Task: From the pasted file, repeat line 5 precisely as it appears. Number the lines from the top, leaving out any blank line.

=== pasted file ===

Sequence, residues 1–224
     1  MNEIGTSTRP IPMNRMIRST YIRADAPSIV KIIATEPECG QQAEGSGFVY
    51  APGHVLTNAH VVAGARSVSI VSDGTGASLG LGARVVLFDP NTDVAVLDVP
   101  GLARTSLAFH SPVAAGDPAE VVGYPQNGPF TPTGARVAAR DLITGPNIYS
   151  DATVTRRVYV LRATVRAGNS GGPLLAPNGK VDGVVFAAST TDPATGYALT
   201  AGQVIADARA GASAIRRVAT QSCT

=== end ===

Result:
   151  DATVTRRVYV LRATVRAGNS GGPLLAPNGK VDGVVFAAST TDPATGYALT